The Angry Corrie 36: Apr-May 98

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Some thoughts on collections

Edie Horton

WHAT IS IT about us humans (maybe I presume too much here, but I assume we all are), that we need to collect things? We collect all manner of things. Donald Trump collects money and casinos. Elizabeth Taylor collects husbands. Hamish Brown (even if he claims it isn't so) collects mountains he has climbed again and again. People collect toy trains, stamps, and thimbles. Victorians put pins through and collected bugs. They collected fossils and hunting trophies.

While I am a willing participant in hillwalking with Christopher, my sweetie, I do not collect hills. However, I do participate in the mindless collecting of ... rocks! My rock collection contains specimens from Tiree, from the tops of Sgurr na Lapaich and Bidean nam Bian, from the shingle beach near Sizewell nuclear reactor in Suffolk, from Tunisia, even from the Himalaya. That last one, I bought; the others have all been picked up on walks and carried in pockets and backpacks (sometimes for days as they get forgotten).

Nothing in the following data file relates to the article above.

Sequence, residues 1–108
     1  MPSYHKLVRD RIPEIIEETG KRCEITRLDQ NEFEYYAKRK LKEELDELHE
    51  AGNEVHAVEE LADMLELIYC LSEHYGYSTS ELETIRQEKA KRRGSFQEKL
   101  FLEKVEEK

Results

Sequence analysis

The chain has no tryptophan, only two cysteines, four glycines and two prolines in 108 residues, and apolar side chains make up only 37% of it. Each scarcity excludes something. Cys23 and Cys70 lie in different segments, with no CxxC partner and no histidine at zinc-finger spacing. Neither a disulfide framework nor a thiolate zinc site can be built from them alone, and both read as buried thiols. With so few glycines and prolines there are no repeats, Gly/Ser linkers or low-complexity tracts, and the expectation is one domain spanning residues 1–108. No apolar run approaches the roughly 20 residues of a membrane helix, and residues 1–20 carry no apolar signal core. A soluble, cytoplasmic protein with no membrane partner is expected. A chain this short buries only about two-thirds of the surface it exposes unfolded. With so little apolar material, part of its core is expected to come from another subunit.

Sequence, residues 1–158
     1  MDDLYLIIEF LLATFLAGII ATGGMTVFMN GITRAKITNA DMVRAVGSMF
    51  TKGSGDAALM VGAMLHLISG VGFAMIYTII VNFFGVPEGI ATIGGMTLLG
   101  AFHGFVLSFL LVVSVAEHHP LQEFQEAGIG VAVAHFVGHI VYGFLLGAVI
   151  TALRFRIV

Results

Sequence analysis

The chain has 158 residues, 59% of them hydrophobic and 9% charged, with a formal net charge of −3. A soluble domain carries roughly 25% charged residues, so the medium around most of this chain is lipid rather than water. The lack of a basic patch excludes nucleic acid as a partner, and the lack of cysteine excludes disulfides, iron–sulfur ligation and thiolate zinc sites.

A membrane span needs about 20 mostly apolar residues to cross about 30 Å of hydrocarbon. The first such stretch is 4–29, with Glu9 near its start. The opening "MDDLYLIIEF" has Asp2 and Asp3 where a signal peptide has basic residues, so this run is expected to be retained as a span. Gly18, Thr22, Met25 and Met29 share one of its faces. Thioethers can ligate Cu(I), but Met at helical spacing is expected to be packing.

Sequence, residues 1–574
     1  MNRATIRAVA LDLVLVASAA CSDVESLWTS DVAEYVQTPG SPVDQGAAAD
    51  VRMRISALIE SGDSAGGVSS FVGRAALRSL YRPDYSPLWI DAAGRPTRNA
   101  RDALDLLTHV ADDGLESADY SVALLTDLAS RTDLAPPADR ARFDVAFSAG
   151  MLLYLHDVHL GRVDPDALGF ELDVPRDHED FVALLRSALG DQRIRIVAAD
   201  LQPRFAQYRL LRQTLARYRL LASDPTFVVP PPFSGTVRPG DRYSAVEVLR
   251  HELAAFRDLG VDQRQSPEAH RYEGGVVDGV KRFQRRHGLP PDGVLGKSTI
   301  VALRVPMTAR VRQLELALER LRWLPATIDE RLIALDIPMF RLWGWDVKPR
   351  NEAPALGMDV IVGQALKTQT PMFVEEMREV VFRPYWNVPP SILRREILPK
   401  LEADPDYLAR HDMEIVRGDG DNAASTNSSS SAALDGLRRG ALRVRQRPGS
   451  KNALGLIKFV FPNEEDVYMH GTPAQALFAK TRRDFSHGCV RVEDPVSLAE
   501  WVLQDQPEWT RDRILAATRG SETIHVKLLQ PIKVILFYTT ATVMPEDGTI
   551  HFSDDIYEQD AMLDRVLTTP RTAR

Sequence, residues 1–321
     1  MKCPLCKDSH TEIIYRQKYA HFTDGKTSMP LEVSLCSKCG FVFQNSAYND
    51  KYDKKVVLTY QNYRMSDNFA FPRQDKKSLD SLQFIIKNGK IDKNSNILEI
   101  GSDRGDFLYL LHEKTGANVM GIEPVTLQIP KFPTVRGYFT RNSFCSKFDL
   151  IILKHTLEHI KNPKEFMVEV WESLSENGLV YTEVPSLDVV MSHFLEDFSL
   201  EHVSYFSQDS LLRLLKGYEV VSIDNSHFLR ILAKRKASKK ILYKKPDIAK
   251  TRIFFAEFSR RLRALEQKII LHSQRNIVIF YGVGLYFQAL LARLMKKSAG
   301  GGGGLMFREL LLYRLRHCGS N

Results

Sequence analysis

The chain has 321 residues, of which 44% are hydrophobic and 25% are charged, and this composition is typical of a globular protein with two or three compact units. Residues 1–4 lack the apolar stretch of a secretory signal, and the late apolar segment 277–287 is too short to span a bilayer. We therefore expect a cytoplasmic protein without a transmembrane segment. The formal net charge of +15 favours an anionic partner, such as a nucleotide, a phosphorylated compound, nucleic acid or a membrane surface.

My rocks sit on windowsills and on tables and fireplace surrounds. They take me back in my mind when I handle them. These rocks become whole new solar systems in my mind. Their colours evoke visions of the skies they have themselves witnessed, the snows and the rains; the movement of earth and the changing of the landscape. My rocks help me to look at the world around me through different lenses, to look across time. They also remind me that I am human. I exist in my thinking and my ability to make abstract connections and to imagine. I exist in my ability to dream.

Collecting rocks gives my imagination and my dreams a physical resting place. Perhaps, while we walk for exercise, for the challenge, for the view, perhaps we are also, in our walking, giving our dreams a physical resting place in our bodies, and taking our dreams into ourselves. Then again, maybe my head is just full of rocks.

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